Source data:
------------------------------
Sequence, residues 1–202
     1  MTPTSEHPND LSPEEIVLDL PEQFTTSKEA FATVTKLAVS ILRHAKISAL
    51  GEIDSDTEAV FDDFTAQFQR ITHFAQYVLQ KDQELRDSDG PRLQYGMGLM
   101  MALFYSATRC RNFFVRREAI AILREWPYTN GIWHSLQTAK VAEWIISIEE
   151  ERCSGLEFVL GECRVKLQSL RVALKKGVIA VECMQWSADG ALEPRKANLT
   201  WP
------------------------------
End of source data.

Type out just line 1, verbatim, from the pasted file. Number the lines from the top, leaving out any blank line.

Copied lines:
Sequence, residues 1–202